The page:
Today, New Jersey judicially recognized that the fundamental right of liberty includes the ability to choose who you want to marry.
The statutory and decisional laws of [New Jersey] protect individuals from discrimination based on sexual orientation. When those individuals are gays and lesbians who follow the inclination of their sexual orientation and enter into a committed relationship with someone of the same sex, our laws treat them, as couples, differently than heterosexual couples. As committed same-sex partners, they are not permitted to marry or to enjoy the multitude of social and financial benefits and privileges conferred on opposite-sex married couples. In this case, we must decide whether persons of the same sex have a fundamental right to marry that is encompassed within
the concept of liberty guaranteed by . . . the New Jersey Constitution.
[ . . . ]
Only rights that are deeply rooted in the traditions, history, and conscience of the people are deemed to be fundamental. Although we cannot find that a fundamental right to same-sex marriage exists in this State, the unequal dispensation of rights and benefits to committed same-sex partners can no longer be tolerated under our State Constitution. With this State’s legislative and judicial commitment to eradicating sexual orientation discrimination as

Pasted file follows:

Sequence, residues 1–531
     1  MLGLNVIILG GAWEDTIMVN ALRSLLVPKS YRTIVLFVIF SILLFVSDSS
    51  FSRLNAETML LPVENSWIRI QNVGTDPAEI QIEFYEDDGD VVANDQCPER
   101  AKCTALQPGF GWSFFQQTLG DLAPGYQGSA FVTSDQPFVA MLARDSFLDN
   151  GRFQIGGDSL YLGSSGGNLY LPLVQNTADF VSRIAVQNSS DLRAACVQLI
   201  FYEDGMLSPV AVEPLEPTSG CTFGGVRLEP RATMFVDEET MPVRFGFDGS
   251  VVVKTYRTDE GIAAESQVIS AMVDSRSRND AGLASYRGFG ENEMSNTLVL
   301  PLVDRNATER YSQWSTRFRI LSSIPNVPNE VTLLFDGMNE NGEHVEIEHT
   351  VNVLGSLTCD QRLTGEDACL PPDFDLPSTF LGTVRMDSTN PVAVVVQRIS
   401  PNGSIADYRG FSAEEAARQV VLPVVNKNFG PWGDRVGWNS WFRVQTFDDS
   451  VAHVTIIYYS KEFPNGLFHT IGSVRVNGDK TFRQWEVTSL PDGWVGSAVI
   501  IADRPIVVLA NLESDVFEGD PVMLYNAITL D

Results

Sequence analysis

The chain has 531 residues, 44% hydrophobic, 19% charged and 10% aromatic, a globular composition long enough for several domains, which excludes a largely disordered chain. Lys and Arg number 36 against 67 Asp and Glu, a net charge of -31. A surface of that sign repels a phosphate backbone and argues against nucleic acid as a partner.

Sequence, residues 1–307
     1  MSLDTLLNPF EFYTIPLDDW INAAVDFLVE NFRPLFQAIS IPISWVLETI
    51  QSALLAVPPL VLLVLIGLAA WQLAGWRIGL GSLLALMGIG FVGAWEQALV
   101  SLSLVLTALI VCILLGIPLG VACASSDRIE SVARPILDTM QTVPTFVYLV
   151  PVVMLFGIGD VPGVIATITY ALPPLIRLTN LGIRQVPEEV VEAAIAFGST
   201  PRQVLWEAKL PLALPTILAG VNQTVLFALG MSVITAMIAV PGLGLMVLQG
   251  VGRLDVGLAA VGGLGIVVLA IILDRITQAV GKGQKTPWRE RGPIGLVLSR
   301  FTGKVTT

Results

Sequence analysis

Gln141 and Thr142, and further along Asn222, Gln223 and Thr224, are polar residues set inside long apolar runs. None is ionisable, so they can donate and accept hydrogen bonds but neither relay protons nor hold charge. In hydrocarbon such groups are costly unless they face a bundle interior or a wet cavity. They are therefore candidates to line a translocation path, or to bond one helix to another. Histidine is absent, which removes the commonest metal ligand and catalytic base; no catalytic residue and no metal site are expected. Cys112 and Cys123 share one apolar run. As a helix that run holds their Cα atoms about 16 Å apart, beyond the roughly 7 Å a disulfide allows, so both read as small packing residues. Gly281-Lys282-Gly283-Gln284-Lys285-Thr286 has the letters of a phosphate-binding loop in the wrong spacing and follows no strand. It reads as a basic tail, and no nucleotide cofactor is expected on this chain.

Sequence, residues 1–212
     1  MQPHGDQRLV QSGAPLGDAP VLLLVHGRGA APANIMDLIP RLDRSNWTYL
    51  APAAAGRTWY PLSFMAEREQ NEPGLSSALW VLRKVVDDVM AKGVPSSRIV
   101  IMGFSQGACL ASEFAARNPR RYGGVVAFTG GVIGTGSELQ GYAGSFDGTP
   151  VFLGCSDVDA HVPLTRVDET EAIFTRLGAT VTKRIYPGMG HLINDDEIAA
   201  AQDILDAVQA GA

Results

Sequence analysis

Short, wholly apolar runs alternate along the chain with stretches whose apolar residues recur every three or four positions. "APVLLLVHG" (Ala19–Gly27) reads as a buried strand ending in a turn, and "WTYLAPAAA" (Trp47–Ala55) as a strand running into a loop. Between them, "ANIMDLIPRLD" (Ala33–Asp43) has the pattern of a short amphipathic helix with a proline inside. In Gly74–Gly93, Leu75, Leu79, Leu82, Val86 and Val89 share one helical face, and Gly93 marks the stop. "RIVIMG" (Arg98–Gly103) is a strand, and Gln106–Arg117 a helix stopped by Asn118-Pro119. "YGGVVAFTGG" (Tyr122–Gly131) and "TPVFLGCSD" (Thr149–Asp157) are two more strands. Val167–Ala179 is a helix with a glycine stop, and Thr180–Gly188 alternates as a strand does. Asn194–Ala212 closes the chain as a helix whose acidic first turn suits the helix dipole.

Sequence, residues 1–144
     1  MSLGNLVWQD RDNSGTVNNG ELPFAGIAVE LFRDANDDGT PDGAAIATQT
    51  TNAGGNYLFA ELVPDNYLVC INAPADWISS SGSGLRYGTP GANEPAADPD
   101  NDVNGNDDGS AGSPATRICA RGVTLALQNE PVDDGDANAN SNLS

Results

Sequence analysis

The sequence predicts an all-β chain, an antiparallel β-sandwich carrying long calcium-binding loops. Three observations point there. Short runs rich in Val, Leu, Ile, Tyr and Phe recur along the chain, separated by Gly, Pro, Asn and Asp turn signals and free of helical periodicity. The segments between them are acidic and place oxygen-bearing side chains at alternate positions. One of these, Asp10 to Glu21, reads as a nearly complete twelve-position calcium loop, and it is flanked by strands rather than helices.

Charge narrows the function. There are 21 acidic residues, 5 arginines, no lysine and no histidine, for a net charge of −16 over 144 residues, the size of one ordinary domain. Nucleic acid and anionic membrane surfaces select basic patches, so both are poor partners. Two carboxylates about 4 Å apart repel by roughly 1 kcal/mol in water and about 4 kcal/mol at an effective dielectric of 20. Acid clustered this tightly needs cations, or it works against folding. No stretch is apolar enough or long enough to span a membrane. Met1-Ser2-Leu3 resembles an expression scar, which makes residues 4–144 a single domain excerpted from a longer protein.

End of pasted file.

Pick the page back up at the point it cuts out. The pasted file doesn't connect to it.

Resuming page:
our backdrop, we now hold that denying rights and benefits to committed same-sex couples that are statutorily given to their heterosexual counterparts violates the equal protection
guarantee of [our state constitution].
Lewis v. Harris, full decision at How Appealing. Take note that this is a 4-3 decision, with the majority finding that New Jersey must create a “separate-but-equal” marriage framework. Chief Justice Deborah T. Portiz wrote a separate opinion concurring in part and dissenting in part, joined by two of her fellows, arguing that Jersey citizens ought to have access to marriage as we currently know it. None of the justices argued that the citizenry ought not have the right to marry under some scheme.
Chief Justice Portiz retired today, as is required under New Jersey law, because she is seventy years old. The judge is a titan.
I wrote about the New York Court of Appeals decision in Hernandez v. Robles previously, and hailed the dissent as “a portrait of a better world, one where we value all citizens, and their liberties, equally.” Today New Jersey, unlike some states, walked boldly into that new world of liberty, and for that, I applaud them.